Jaguar. Ford. Ferrari. Three iconic automakers with storied racing pedigrees that have made some of the fastest and most beautiful cars in the world, each draped in a coat of paint of their own signature color: British Racing Green, Ford’s Grabber Blue, and Ferrari’s Rosso Corsa.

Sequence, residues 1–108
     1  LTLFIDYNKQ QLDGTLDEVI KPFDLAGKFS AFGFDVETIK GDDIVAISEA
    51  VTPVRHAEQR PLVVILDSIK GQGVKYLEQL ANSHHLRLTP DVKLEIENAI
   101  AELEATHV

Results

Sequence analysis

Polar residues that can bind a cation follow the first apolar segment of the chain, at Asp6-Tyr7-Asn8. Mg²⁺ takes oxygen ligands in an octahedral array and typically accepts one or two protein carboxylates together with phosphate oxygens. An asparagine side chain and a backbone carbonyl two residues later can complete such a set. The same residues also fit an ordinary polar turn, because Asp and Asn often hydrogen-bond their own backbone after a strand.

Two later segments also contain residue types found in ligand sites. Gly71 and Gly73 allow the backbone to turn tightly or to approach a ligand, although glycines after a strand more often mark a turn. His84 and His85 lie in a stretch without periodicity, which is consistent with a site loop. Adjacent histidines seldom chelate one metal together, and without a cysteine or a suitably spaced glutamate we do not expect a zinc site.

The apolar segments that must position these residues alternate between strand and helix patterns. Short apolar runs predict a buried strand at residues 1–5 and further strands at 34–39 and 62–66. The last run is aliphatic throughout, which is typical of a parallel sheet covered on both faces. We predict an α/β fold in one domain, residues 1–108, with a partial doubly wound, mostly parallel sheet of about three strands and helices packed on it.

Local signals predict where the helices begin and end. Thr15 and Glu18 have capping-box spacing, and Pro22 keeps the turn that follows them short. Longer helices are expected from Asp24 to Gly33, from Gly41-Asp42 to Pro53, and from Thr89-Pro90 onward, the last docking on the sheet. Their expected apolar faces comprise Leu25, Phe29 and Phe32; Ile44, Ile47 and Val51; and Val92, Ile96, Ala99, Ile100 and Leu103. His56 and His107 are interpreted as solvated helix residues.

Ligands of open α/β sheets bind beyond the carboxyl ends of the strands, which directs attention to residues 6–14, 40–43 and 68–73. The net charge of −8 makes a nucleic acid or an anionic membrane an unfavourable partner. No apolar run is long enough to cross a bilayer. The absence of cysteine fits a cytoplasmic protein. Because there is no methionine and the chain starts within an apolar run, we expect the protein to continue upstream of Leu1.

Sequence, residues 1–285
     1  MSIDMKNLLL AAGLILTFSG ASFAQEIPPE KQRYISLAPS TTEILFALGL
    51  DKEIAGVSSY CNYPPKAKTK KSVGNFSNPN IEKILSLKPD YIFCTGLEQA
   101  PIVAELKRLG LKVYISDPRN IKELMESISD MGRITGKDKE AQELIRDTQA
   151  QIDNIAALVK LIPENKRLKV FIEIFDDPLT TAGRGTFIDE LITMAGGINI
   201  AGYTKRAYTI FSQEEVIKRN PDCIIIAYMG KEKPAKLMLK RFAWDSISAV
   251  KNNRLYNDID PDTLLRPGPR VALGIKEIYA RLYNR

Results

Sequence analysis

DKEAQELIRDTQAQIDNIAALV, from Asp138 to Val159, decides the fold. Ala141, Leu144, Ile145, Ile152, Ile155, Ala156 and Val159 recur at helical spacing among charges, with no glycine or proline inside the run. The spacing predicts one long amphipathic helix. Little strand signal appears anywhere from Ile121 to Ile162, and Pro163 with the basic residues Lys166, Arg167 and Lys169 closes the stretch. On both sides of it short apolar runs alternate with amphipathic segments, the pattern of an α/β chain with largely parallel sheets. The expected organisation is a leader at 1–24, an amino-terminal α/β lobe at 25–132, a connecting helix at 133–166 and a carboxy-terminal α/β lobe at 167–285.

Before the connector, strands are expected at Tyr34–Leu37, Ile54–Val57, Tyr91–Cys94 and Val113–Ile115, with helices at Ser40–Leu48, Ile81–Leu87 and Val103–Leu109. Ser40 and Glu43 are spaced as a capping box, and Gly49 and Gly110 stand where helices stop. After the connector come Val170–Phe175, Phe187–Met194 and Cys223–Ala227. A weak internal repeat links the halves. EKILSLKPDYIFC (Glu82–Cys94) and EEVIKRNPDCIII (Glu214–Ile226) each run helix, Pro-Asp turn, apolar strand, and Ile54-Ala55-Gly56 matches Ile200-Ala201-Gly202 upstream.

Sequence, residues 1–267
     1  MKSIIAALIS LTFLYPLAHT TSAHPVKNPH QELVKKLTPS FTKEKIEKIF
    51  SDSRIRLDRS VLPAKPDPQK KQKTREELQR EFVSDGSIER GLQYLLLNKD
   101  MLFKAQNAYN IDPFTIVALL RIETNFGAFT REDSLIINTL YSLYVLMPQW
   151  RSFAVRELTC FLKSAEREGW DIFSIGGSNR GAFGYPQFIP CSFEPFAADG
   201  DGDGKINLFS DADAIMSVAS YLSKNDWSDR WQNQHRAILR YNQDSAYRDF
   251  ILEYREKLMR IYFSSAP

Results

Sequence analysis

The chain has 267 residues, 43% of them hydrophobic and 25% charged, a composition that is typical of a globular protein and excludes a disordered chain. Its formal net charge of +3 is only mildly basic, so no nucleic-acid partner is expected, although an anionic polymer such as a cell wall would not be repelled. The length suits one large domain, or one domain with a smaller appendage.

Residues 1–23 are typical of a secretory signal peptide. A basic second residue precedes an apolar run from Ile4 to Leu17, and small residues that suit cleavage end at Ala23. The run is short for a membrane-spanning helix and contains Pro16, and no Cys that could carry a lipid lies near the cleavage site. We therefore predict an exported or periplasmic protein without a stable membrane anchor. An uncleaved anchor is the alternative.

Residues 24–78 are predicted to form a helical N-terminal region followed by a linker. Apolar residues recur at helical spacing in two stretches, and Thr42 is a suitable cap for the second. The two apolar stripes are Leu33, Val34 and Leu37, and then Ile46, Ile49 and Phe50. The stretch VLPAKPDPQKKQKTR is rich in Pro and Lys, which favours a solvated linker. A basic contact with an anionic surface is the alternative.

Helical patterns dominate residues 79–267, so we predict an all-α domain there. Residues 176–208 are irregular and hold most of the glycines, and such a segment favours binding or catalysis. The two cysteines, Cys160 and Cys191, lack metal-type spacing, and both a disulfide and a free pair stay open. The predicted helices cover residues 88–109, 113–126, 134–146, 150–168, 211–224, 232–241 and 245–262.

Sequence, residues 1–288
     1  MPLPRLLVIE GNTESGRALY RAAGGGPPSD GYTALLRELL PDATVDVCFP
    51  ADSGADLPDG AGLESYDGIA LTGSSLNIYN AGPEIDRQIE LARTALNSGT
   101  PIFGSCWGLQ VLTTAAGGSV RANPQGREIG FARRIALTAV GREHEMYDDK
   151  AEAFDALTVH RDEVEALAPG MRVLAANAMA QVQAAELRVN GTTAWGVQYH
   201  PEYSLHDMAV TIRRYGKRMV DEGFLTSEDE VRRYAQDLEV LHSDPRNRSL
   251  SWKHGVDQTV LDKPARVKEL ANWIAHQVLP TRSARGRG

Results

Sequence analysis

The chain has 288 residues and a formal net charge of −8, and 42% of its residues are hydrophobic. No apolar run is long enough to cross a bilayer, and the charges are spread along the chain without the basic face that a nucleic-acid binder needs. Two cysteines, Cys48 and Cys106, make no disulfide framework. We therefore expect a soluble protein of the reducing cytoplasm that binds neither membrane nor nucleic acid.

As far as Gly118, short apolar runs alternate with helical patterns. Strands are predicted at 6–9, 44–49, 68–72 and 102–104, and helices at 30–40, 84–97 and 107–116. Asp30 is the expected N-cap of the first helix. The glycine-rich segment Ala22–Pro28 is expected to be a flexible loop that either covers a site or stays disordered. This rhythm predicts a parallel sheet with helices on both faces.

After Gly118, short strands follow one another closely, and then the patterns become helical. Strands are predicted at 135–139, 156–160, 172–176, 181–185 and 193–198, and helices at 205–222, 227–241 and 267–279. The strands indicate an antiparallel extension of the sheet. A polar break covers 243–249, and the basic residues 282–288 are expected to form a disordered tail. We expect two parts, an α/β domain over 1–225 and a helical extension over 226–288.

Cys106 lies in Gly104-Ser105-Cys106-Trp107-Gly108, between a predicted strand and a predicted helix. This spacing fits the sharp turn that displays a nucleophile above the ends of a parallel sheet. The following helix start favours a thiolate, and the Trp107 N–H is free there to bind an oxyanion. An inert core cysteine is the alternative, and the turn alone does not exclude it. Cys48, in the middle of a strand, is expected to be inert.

Beyond providing a bit of personality and character, a car’s paint also serves a practical purpose: protecting the body, frame, and other components from the elements, preventing rust and corrosion from destroying the raw material underneath. The earliest paint jobs were done by craftsmen such as furniture makers and carriage builders who applied varnish primers and oil-based enamel paints by hand. These finishes were inky, with low opacity and coverage, requiring multiple coats and lengthy drying times. And even with all that work involved, the paint would soon become brittle and start chipping away. Continue reading “Controlling Temperature in Paint Booth Heat Exchange Systems”